No sooner had the crowd finished asking each other what the fuck that was all about we recieved a good dollop of Bitchee Bitchee Ya Ya Ya (pictured...cheeky) around our chops. Ahhh...Bitchee Bitchee Ya Ya Ya. Bliss. The CSS for 2008...but even sexier...and with better tunes. Signed to 'considerably trendier than thou' label Kitsune they're French, bouncy and scrummy. Cool Euro dance with phat beats, weird bleeps and electric sheeps (probably...I'd had a cider or two by this stage). Drop their name at parties and you'll be the coolest kid in town.

A quick dash across town and we caught Jennifer Gentle (a band, not a lovely lady called Jennifer). A magical blend of garage (60's I'm talking here), 50's rock 'roll, surf music, art rock...oh hell the whole kitchen sink...and purveyors of the truly pant wettingly good 'I Do Dream You', they're what Syd would've sounded like if he had lived in Italy. In 2008. Just listen to Universal Daughter. See? I got a free t-shirt from them too. Result.

Nearly there, Primary 1 were next, then Nila Raja...ahhh...then Bishi. Another highlight here. Pure pop joy given extra spice with Indian rhythms, tabla and, played by Bishi herself, some awesome sitar. Never Seen Your Face deserves to be a blasted from a million rooftops on a hot summers evening whilst we're all spoon fed chicken tikka and chips. She's a surprising one our Bishi though. Just when you've got her nicely pigeon holed she plays something like Three Ravens, which is all folky. Whatever...she's a goddess. Oh yes...a goddess. Why isn't all music this great? Oh, and while I'm at it, is anyone in Birmingham doing this kind of 'fusion' stuff? Let me know...

The Great Escape 2008 - 15th May (Day One...Part the Second)

Oh lordy. Where does the time go? Hmmm still on day one are we, right, hold on to yer hats. Where had we got to? Oh yes...Eugene McGuiness, right, what next? Oh yes. Doll & the Kicks, for the second time in a day. Not many bands would flick my switch twice in one day but D & the K did just that. A slightly rockier set this time, but just as rump shakingly great.

They were followed by Sometime, all the way from Iceland (not the cheapo frozen food outlet I hasten to add, although that could be why mum's go there...). Catchy blend of electro with some wiggly scratching, some Iceland-ish nuttiness and laid back, sensuous female vocals. Think Goldfrapp-ish...but more Icelandic (now that's the kind of cutting edge reviewing you've come to expect eh?). After a quick dash across town we caught a large slab of AA Bondy...who describes himself as sounding like 'creosote and warm skin'. I'd plump more for a chilled, much younger Seasick Steve...covered in creosote.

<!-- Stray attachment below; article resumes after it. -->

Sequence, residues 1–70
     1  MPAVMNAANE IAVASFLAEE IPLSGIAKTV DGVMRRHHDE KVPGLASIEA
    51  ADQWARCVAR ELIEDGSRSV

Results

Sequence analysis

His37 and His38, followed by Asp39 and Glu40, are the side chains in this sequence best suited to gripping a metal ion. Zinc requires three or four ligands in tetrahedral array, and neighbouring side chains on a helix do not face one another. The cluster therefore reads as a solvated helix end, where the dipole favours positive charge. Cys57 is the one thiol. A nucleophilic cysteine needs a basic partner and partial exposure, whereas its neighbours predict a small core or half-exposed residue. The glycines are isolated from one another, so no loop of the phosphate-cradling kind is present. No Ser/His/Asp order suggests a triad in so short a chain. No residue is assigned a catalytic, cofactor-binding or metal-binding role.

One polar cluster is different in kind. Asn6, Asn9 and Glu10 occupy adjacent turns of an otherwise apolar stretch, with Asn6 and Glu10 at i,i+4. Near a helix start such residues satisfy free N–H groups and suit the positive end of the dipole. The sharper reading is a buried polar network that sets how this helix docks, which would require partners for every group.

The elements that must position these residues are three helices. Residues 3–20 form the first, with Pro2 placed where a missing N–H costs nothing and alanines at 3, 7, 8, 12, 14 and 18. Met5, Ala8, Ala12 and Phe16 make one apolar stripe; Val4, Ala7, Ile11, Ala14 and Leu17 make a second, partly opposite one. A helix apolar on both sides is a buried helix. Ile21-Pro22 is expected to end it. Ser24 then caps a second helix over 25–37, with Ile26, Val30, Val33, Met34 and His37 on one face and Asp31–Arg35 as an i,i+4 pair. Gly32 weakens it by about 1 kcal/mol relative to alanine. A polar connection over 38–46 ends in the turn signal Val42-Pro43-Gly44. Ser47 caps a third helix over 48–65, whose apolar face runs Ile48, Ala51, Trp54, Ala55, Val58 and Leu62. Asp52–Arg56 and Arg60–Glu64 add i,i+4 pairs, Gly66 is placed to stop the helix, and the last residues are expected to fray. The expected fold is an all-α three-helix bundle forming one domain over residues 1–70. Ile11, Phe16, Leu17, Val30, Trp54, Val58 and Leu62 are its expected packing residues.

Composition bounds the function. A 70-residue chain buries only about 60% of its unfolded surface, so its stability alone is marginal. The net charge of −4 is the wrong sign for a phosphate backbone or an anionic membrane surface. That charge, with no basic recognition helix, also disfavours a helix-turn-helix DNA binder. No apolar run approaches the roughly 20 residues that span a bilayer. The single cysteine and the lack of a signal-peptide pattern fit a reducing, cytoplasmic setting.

Right, this could take forever...I'll tell you what, just this once I'll skip through the bands I saw and just focus on the real highlights. Happy? Good. Sunset Rubdown next, then Okkervil River (pictured). Ah...they were very good. Kind of a midwest Joe Jackson, new wave Americana if you will...but poppy too. I've been in lurve with their track 'Unless It's Kicks' for ages which, now I come to think of it, has a touch of Adam Green to it (ie lyrically a notch above your average bear boo boo). Go and listen to it please. It's really rather splendid.
After that Lady Baron came over all queer and had to retire to our boudoir. I, being either (a) totally hardcore or (b) too tight to let any bands escape me, toddled off to see Arun Ghosh. Actually this was another treat, Asian dubby jazz. Arun plays clarinet, backed with bass, drums, tabla and a variety of other wonderful instruments. Distinct middle eastern notes coming through here too. Proof that musical fusion, when done really well, creates something new and, in the words of the kids, phat (hell yeah, I'm down with those kids). Finally, for Day One at least, Nathan 'Flutebox' Lee. Yes. Flutebox. That name might give you a clue. He plays a flute. Ahh, but there's a twist dear reader. He beatboxes at the same time. Hang on. That can't be right. That's not possible is it? Well, yes, it is...somehow. I've seen it with my own eyes. Awesome. Like Arun, he fuses indian influences with all sorts of other stuff, ragga beats, hip hop, jazz. You don't believe me do you? Go. Check out the vids on his Myspace page. With ears full of 'Flutebox' I retired to bed...

Monday, May 19, 2008

The Great Escape 2008 - 15th May (Day One...Part the First)